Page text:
He pulls out a blood pressure monitor from under his seat and puts it around my arm. My blood pressure is low. Gali doesn't have a phone, but he asks for my number.
"When this whole virus thing is over, I'll go back to the camps and get a mobile phone."
I can't find a pen to write down my number.
"Whatever, I'm going to memorize it," he says, smiling.
I haven't showered or eaten properly for a little over two weeks. I wake up thinking about a plate of pasta with pesto. To my left, Fatma snores loudly and, to my right, her two children use my arm as a pillow. It’s 8 am. The lady in the pink melhfa who assured me we were going to get out of here "tomorrow, tomorrow, Insha'Allah" six days ago enters our tent.
"Pack up your things, we are leaving today."
I raise my head, confirm that it is the same woman who made me empty promises some days ago, and go back to bed. Shortly afterwards, Gali appears.
"Yallah, Yallah. Get ready to leave. They are going to let women, children, and the elderly through."
It takes us fifteen minutes to pack. Gali cannot take us in his car because he is at risk of not being able to return to Mheiriz. Nora, Leila, Fatma, little Emir, Salma, and I get into a blue Land Rover Santana, belonging to a man in his seventies, dressed in military uniform. His name is Burki, and he is accompanied by his nephew, Khadad, a middle-aged man with a serious countenance, also dressed in military uniform. Brahim, who is considered elderly, gets into his cousin's car, which has just passed us.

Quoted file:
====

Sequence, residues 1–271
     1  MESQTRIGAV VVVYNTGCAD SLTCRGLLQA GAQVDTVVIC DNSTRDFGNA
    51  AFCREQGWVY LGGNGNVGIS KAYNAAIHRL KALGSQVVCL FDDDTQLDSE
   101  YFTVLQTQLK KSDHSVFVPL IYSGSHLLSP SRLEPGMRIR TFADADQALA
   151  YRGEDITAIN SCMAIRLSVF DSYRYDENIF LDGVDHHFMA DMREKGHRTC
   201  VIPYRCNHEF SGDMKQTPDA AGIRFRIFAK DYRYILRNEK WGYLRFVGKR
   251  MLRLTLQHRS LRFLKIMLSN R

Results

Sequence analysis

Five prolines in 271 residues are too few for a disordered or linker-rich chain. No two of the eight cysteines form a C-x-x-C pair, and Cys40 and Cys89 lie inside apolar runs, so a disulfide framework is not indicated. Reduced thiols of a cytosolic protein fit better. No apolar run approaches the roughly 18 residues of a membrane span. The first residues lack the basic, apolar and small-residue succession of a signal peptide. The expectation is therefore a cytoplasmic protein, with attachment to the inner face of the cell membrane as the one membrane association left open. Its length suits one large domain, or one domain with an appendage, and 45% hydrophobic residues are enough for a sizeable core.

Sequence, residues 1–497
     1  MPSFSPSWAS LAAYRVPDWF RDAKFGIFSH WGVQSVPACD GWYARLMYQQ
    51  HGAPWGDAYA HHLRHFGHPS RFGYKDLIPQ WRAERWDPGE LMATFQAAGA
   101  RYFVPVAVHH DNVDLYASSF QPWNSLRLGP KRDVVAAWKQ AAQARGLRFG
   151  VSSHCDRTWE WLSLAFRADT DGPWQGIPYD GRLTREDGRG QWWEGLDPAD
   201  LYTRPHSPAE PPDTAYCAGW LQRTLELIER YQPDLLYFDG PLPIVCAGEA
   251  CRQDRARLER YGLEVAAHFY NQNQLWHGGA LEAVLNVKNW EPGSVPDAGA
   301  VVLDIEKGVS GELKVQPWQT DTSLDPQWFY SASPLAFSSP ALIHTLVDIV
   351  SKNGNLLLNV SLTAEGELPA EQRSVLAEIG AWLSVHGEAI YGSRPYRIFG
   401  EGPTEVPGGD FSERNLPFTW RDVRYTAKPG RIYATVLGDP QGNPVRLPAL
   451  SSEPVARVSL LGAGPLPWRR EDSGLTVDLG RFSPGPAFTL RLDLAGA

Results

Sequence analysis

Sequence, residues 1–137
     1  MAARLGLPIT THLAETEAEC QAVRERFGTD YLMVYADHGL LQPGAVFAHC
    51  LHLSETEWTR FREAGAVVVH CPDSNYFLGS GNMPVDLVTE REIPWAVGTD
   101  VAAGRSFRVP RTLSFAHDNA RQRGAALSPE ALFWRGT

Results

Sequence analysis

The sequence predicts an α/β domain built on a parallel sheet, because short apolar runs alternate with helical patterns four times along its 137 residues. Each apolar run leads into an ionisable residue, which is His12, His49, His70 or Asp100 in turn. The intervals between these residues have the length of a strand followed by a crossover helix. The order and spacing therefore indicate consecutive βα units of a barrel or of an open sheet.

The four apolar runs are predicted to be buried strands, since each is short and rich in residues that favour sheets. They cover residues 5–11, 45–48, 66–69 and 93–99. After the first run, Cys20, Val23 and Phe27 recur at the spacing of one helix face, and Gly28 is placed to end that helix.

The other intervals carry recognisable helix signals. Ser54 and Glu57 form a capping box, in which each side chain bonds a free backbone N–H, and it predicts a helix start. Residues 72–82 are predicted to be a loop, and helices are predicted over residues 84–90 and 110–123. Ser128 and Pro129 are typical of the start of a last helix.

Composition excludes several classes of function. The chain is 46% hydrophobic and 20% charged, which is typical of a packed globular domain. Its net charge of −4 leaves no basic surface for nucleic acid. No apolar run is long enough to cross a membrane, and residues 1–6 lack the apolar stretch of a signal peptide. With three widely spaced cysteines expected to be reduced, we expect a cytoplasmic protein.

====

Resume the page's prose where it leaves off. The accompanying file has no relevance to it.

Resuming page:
The condition for entering the camps is to spend a fortnight in quarantine in a school, taking advantage of the fact that classes have been canceled for more than a month for fear of contracting the virus. When we cross the border, the soldiers will take our Saharawi ID cards and return them to us at the end of the fifteen days of isolation. We form a caravan of cars, in which there are soldiers at the front, in the middle, and at the end to make sure that no one evades the quarantine.